Magazine

MOMENTUM: FEBRUARY 2018

2018-02-01
The drive to success Gopher Motorsports at the University of Minnesota places special emphasis on reliability, with positive results ensuing. Technology designed to win École de technologie supérieure (ÉTS) student engineers developed an electronic continuously variable transmission that was the first of its kind used in Baja SAE competition. Big Data a focus for 2018 SAE President Mircea Gradu Velodyne CQO sees use of Big Data as a way to capitalize on multiple industry trends including vehicle electrification and automated vehicles.
Research Report

Unsettled Issues in Determining Appropriate Modeling Fidelity for Automated Driving Systems Simulation

2019-12-06
EPR2019007
This SAE EDGE™ Research Report identifies key unsettled issues of interest to the automotive industry regarding the challenges of achieving optimal model fidelity for developing, validating, and verifying vehicles capable of automated driving. Three main issues are outlined that merit immediate interest: First, assuring that simulation models represent their real-world counterparts, how to quantify simulation model fidelity, and how to assess system risk. Second, developing a universal simulation model interface and language for verifying, simulating, and calibrating automated driving sensors. Third, characterizing and determining the different requirements for sensor, vehicle, environment, and human driver models. SAE EDGE™ Research Reports are preliminary investigations of new technologies.
Magazine

Automotive Engineering: November 2018

2018-11-01
Electrifying the two-wheeler Alta Motors, one of the newest electric motorcycle OEMs, is fueling zero-emission excitement with a passion for product. AV testing is for dummies Rapid development of automated vehicles is driving ATD innovations, as Humanetics' CEO explains. 2019 Yamaha Niken steers a radical path The world's first leaning three-wheel motorcycle is an expression not only of engineering prowess, but of a real passion for riding. Editorial Electrify the U.S. Postal Fleet!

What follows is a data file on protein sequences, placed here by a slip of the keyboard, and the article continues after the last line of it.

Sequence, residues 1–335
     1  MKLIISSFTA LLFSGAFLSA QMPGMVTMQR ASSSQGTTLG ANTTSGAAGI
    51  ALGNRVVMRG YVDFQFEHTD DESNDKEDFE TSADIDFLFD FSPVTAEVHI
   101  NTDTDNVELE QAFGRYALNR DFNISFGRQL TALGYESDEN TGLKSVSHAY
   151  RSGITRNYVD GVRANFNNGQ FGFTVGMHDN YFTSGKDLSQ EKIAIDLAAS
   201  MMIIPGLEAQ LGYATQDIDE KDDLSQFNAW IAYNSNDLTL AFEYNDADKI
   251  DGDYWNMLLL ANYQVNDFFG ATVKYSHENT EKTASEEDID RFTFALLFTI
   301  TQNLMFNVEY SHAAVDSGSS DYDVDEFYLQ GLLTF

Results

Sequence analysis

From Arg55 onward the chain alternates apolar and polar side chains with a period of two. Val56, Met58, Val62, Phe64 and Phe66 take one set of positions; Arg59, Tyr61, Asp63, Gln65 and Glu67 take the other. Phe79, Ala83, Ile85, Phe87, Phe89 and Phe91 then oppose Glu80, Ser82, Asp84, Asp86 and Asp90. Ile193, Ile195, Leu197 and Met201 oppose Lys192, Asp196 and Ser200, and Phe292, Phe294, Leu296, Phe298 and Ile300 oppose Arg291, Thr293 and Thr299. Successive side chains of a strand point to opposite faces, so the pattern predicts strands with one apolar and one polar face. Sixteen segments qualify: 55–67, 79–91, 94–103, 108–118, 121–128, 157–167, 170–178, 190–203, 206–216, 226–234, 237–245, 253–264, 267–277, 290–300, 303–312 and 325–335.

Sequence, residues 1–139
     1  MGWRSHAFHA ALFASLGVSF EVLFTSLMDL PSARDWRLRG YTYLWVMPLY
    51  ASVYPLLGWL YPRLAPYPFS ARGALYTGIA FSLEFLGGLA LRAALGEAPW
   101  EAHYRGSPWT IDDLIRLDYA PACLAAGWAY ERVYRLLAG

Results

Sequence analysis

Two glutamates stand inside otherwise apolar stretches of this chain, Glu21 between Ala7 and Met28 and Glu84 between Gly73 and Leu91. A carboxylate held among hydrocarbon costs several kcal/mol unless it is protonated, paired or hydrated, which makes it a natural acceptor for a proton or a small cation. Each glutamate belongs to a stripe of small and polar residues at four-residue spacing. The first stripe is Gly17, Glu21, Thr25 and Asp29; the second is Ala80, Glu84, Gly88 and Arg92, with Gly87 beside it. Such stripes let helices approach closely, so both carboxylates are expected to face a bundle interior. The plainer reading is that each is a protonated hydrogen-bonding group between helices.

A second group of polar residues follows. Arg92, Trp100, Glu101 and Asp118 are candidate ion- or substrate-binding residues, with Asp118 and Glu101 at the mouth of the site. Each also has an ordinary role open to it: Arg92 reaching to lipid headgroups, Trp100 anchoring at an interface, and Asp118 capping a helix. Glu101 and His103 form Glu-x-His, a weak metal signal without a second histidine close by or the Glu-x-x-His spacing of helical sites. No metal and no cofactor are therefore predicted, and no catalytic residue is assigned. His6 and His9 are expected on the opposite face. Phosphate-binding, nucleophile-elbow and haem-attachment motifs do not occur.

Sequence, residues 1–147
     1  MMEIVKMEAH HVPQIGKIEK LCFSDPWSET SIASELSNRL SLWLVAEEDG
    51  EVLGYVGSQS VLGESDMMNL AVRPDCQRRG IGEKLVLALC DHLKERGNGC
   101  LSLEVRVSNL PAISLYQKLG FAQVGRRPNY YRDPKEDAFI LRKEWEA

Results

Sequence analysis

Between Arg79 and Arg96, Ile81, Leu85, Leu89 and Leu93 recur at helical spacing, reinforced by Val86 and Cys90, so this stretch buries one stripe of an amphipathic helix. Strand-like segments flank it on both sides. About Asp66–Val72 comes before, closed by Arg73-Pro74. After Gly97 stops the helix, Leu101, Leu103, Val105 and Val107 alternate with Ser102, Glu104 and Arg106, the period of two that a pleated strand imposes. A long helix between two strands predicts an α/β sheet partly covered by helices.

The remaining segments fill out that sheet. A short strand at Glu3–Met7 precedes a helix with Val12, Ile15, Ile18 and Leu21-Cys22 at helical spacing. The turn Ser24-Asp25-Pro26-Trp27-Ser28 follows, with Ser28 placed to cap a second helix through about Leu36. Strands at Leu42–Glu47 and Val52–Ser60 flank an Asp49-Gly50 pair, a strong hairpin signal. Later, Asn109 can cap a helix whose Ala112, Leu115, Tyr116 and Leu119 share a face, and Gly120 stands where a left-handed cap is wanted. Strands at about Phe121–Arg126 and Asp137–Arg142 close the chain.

Book

The Role of ISO 26262: Book 4 - Automated Vehicle Safety

2019-03-07
Safety has been ranked as the number one concern for the acceptance and adoption of automated vehicles since safety has driven some of the most complex requirements in the development of self-driving vehicles. Recent fatal accidents involving self-driving vehicles have uncovered issues in the way some automated vehicle companies approach the design, testing, verification, and validation of their products. Traditionally, automotive safety follows functional safety concepts as detailed in the standard ISO 26262. However, automated driving safety goes beyond this standard and includes other safety concepts such as safety of the intended functionality (SOTIF) and multi-agent safety. The Role of ISO 26262 addresses the concept of safety for self-driving vehicles through the inclusion of 10 recent and highly relevent SAE technical papers.
Book

Safety of the Intended Functionality: Book 3 - Automated Vehicle Safety

2019-03-07
Safety has been ranked as the number one concern for the acceptance and adoption of automated vehicles since safety has driven some of the most complex requirements in the development of self-driving vehicles. Recent fatal accidents involving self-driving vehicles have uncovered issues in the way some automated vehicle companies approach the design, testing, verification, and validation of their products. Traditionally, automotive safety follows functional safety concepts as detailed in the standard ISO 26262. However, automated driving safety goes beyond this standard and includes other safety concepts such as safety of the intended functionality (SOTIF) and multi-agent safety. Safety of the Intended Functionality (SOTIF) addresses the concept of safety for self-driving vehicles through the inclusion of 10 recent and highly relevent SAE technical papers. Topics that these papers feature include the system engineering management approach and redundancy technical approach to safety.